“The effect of any amount of future sea level rise will be an increased rate of coastal erosion as waves will break higher on bluffs and dunes along the south shore for any given storm intensity. Bathing pavilions, hotels, and other buildings now protected by coastal engineering structures will be subject to increased wave attack as the protection structures are overtopped by smaller and smaller storms. Low-lying areas adjacent to the shore front will be subject to “in-place drowning”, i.e., increased flooding during storms.”
RI CRMC Salt Ponds Area Special Management Plan, Section 410.3 Geologic Processes – Sea Level Rise – The Near Geologic Future, Subheading C.
According to the Salt Ponds Special Area Management Plan (SAMP), the south facing shoreline of Rhode Island is not likely to see an abatement of erosion at any time in the near even geologic future.
Yet shoreline property values continue to rise according to Section 610.1 of the Salt Ponds SAMP, and the National Flood Insurance Program (NFIP) is partially to blame for making it easy to build in such highly erosive environments as the Matunuck Shoreline by making it easier to build houses in areas where banks refused to grant mortages after the hurricanes of 1938 and 1945.
Nonetheless, development along the Matunuck shoreline still stands, and a 12-inch water main carries drinking water underneath Matunuck Beach Road to residences throughout the south coast.
The same water main serves as a backup to South Kingstown, connecting it to the Narragansett water system. Not considering the private property issues, all parties, especially the water-drinking public, have a vested interest in preserving the structural integrity of the shoreline as the cost of moving the water main would be far greater than installing a structural shoreline protection option.
The time is now to move forward, according to South Kingstown Planning Department Director Vincent Murray.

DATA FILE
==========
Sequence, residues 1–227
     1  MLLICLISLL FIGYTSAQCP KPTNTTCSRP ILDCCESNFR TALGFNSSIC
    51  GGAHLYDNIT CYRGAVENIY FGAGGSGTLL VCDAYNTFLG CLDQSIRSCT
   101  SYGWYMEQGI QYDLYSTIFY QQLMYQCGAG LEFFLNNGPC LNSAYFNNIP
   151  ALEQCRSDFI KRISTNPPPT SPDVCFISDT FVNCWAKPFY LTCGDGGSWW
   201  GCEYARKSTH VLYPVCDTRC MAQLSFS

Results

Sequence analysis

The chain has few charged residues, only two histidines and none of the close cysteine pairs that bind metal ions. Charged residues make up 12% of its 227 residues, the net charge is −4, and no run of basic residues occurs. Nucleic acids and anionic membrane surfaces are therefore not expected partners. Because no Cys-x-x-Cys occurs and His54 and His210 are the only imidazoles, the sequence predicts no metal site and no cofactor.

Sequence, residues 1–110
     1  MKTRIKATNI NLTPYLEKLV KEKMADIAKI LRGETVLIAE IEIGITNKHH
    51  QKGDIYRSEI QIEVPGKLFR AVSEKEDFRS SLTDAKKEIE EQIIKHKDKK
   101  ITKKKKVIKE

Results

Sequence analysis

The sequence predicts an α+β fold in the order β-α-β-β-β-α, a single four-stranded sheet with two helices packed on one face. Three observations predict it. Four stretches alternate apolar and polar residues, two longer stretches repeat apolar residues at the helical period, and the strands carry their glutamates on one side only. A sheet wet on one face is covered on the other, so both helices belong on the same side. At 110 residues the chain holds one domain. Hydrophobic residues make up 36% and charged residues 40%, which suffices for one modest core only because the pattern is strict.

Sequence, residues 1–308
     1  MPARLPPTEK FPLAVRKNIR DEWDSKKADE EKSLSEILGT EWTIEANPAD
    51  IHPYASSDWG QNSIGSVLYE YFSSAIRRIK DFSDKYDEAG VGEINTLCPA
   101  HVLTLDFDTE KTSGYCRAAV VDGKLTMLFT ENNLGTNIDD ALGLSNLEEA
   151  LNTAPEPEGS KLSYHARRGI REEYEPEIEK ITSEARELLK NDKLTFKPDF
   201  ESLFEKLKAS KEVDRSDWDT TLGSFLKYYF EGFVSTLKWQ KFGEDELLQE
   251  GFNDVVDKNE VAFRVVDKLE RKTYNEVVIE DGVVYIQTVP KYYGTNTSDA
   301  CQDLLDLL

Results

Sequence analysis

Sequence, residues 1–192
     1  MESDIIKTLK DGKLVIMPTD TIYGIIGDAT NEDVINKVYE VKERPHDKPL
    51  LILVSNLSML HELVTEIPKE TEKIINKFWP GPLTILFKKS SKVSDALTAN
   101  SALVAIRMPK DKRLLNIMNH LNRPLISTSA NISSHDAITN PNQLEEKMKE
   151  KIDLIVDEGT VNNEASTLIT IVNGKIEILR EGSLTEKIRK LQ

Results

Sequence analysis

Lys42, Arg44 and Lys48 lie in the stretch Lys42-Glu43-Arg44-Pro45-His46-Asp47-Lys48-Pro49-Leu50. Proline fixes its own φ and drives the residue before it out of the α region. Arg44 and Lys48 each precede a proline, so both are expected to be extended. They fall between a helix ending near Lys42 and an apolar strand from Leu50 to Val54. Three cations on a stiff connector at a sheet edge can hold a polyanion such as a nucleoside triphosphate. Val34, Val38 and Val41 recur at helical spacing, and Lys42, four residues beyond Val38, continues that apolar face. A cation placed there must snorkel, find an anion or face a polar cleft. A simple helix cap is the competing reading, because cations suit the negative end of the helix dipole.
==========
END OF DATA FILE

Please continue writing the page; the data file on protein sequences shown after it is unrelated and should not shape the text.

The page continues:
“The most recent town action is the Council’s resolution, which provides some specific suggestions we’d like to review with Coastal about exhibiting more flexibility beyond their regulatory role in terms of trying to have a cooperative stance among all the stakeholders…in a positive fashion,” said Murray. “I think some of the permitted mitigation activities simply haven’t worked, specifically sandbags."
Ocean Mist owner Kevin Finnegan would also like to see positive progression.
“[CRMC] might as well work with the property owners to come up with a solution. Get everybody involved, and the business owners will kick in money,” he said. “It’s just a win-win to act now than not act and lose our property. We’ve got to do something, and place everything where it makes sense.”
Mark Melnick pointed out that many coastal projects, such as beach replenishment, receive Federal funding.
South Kingstown’s Planning Department has already outlined options in the Matunuck Coastal Area Report it released in April 2010. In reference to an August 2008 public hearing between South Kingstown town staff, the town’s Local Hazard Mitigation Committee (LHMC) and the CRMC, the April 2010 Report states, “Following the public comment period and a follow up meeting with CRMC, the LHMC determined that the soft-armor alternatives identified would not adequately protect the integrity of Matunuck Beach Road over the long-term, based on the high-energy wave environment.”
The April 2010 report identified four hard-armor alternatives selected for consideration:
- a concrete gravity seawall ($15-17 million)
- a concrete gravity seawall on steel sheet pile foundation ($17-19 million)
- a riprap revetment ($8-11 million)
- an offshore breakwater (reef, $12-15 million; rubble mound, $25 million)
According to the Matunuck Report, two legal avenues exist under which a hard armor shoreline protection option might be permitted.
1. Section 130 of the Coastal Resources Management Program, entitled “Special Exceptions” allows the CRMC to permit normally prohibited activities, so long as the circumstances fall under certain categories. One of those categories is “an activity associated with public infrastructure”.
Given the presence of a crucial 12–inch water main carrying water to a large amount of South Kingstown, a hard-armor shoreline protection structure should be permitted under Section 130 of the Coastal Resources Management Policy.
2. The Matunuck shoreline in the effected area is categorized as “Headlands, Bluffs, and Cliffs”. Due to the more stringent regulations in place protecting more pristine shorelines, the construction of hard armor structures is prohibited. If the CRMC were to re-classify the Matunuck shoreline as a “Manmade shoreline”, such a structure could be permitted.